Finally without MONEY the struggle will be slow, let Gambians be genereous in liberating our homeland. Freedom has no price.
    I firmly believe that if we stick to the above points, we will EMERGE with a masterpiece that will go a longway in salvaging our lovely country, the Gambia.
    Thank You.

  2. Good points Haidara .

  3. “We will welcome scholarly materials focusing on defining our struggle from non-politician’s perspectives.” This is quite interesting and please debate the question” who is a politician and who is not”. As far as the Gambian constitution is concerned, all citizens are politicians as long as you participate in entrusting authority to someone or you participate to be entrusted with authority by people, you are considered a politician. So a non-politician’s perspective would surely be interesting.

  4. Good initiative and very good points DH…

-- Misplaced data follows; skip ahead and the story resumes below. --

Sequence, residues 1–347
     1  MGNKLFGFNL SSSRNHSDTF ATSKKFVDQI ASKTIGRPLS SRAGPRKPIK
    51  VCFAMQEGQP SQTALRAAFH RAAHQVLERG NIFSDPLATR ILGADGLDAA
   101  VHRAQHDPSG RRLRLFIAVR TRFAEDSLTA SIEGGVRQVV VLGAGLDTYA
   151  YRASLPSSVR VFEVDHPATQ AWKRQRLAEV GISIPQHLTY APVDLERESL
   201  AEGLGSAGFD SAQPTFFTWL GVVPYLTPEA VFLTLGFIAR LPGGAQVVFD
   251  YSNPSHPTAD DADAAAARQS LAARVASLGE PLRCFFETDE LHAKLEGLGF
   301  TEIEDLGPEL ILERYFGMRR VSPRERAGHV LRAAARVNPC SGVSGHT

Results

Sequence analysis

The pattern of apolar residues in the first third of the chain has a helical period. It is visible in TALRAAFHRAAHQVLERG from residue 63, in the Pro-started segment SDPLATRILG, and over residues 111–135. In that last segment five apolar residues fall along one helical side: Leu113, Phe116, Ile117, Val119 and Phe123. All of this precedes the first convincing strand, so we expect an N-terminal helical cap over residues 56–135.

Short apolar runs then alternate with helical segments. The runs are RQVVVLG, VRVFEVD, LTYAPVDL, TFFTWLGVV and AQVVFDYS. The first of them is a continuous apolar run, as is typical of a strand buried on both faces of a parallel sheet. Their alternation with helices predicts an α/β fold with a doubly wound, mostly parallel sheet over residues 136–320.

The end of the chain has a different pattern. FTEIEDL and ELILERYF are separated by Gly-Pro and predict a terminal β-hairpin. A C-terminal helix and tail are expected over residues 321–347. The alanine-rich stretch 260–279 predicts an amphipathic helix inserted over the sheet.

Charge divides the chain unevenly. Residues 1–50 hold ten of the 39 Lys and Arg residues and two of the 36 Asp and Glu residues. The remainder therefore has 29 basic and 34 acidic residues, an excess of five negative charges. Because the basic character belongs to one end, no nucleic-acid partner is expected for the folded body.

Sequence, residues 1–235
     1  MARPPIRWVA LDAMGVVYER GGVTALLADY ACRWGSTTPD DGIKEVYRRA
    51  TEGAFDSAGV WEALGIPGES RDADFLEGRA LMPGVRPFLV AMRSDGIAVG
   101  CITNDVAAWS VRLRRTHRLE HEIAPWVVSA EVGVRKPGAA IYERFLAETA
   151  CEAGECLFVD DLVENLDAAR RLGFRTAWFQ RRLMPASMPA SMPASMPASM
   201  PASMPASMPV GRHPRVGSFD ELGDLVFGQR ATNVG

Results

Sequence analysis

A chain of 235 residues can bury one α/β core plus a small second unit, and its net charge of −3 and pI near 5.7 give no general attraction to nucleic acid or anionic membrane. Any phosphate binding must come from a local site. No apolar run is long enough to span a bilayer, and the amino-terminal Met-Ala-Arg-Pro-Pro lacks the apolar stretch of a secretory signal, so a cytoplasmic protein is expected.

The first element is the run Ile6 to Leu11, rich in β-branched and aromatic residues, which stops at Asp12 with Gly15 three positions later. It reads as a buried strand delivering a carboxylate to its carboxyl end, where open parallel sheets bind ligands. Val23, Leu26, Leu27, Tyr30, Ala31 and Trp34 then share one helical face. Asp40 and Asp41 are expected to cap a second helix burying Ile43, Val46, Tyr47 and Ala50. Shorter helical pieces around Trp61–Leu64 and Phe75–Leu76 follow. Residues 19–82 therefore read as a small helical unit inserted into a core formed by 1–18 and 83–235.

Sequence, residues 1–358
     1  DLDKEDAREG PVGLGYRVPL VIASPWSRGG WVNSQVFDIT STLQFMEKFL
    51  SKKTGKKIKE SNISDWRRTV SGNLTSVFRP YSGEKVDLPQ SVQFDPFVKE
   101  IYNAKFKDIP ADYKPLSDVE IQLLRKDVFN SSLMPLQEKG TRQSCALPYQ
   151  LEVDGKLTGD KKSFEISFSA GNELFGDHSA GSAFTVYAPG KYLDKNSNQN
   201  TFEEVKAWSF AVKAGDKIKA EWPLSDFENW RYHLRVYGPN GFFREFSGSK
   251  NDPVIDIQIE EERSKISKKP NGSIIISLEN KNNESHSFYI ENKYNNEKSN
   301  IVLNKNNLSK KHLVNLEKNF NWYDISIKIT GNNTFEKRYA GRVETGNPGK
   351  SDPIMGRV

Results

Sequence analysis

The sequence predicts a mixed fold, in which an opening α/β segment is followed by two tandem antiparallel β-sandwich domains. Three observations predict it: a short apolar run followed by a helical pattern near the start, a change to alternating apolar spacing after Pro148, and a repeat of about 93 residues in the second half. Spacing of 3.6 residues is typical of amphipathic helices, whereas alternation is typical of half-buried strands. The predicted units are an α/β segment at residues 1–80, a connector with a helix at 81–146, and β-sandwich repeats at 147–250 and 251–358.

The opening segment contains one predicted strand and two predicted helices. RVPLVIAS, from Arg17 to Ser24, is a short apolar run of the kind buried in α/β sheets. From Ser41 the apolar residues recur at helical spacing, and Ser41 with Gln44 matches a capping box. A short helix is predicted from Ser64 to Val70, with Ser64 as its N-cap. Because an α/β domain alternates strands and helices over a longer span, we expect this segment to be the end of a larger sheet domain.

5. I agree with @Haidara in his point of concern and considerations with regards to moderating the Kairo News Forums. I personally, so far so good is very much satisfied with the professional conduct of Kairo News staff in their different specialities in journalism. I think it is all the other way around; The laymen, the skilled workers and etc., should be the source of information for the intellectuals capable of governing a Gambia for its people.
    Once again I would like to remind all want to be politicians and want to administrators intellectuals in our future government to bear in mind that what they import in national development can never exceed that of the real nation builders such as the constructors, the mechanics, fisheries or the peanut and juicebag sellers in the street upon all facts that they are taxpayers.